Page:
The main objective of the proposed measures is to enhance road safety and to contribute to the political target of reduction of yearly road fatalities by 50% until 20203.
More than 1,200 lives could be saved and more than 36,000 accidents could be avoided.4
The monetized benefit to society is estimated by more than € 5,600 million.
More specifically, the measures under the Roadworthiness Package have three immediate objectives:
1. To enhance protection of vulnerable road users and young people in particular,
2. To provide for a single European area for technical roadworthiness control based on harmonized standards for aspects of control, equipment, qualification of inspectors and assessment of defects and on co-operation among Member States,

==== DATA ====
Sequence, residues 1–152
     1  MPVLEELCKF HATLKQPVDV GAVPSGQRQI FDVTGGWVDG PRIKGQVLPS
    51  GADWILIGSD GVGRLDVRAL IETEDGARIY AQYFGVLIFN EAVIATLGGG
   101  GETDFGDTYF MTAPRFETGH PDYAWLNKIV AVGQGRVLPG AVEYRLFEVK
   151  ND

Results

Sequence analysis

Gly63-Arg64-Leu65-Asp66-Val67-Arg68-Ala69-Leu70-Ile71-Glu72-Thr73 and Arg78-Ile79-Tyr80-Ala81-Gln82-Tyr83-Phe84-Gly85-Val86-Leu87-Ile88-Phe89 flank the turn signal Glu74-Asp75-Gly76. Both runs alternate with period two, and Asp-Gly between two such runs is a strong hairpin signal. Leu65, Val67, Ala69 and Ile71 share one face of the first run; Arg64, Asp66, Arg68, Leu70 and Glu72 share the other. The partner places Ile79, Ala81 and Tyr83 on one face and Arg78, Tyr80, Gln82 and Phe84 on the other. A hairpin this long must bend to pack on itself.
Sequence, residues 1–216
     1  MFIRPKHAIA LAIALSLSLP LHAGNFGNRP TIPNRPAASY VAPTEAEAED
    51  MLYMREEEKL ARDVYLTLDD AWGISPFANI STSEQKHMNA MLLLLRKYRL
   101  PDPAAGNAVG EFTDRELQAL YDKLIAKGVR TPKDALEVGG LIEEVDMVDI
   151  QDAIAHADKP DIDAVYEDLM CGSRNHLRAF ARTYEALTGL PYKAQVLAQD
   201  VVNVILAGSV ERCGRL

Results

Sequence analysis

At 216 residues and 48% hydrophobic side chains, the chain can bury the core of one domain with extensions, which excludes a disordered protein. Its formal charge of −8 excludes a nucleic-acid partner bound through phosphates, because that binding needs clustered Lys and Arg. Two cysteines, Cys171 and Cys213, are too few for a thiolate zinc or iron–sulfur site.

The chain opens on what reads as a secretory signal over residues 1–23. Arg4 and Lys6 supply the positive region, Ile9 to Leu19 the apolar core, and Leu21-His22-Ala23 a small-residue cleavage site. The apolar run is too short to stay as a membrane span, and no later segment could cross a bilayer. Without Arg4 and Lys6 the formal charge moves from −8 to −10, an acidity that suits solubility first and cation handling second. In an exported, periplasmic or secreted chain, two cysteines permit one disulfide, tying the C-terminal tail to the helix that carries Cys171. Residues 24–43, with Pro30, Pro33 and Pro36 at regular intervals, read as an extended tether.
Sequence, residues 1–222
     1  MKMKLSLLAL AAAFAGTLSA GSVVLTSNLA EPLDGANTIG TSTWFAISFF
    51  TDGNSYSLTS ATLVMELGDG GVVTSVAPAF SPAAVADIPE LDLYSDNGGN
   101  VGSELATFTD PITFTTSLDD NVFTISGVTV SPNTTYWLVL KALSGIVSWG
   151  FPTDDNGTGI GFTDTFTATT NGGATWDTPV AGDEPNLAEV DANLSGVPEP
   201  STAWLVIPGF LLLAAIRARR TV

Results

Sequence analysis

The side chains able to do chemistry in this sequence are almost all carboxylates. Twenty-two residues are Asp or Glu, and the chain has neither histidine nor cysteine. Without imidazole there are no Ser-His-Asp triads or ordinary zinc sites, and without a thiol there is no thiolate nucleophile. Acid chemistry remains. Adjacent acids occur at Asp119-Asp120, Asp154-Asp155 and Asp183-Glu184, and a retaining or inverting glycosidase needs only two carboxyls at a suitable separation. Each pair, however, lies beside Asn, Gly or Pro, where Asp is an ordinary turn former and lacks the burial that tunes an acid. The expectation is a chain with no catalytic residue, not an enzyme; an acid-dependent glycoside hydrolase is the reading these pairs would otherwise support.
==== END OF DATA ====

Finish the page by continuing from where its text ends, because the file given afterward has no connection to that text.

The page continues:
3. To lessen administrative burden for those road transport undertakings that comply with the technical road safety requirements.
The proposals must be approved by both the European Parliament and Member States before becoming law.
In a longer perspective, a second phase would consist of putting into place a harmonised intra-community data exchange system linking the existing databases and allowing EU-wide access of these data for control purposes, for instance to verify at any time across the borders the correctness of odometer data.
Such an EU-wide access of data could then potentially also provide for a mutual recognition of roadworthiness certificates once the necessary harmonisation of roadworthiness controls is reached at European level.
For more information please see: IP/12/780
Policy Orientations on Road Safety 2011-2020 (COM (2010) 389 final
Impact assessment on measures enhancing roadworthiness tests (SWD(2012) 206)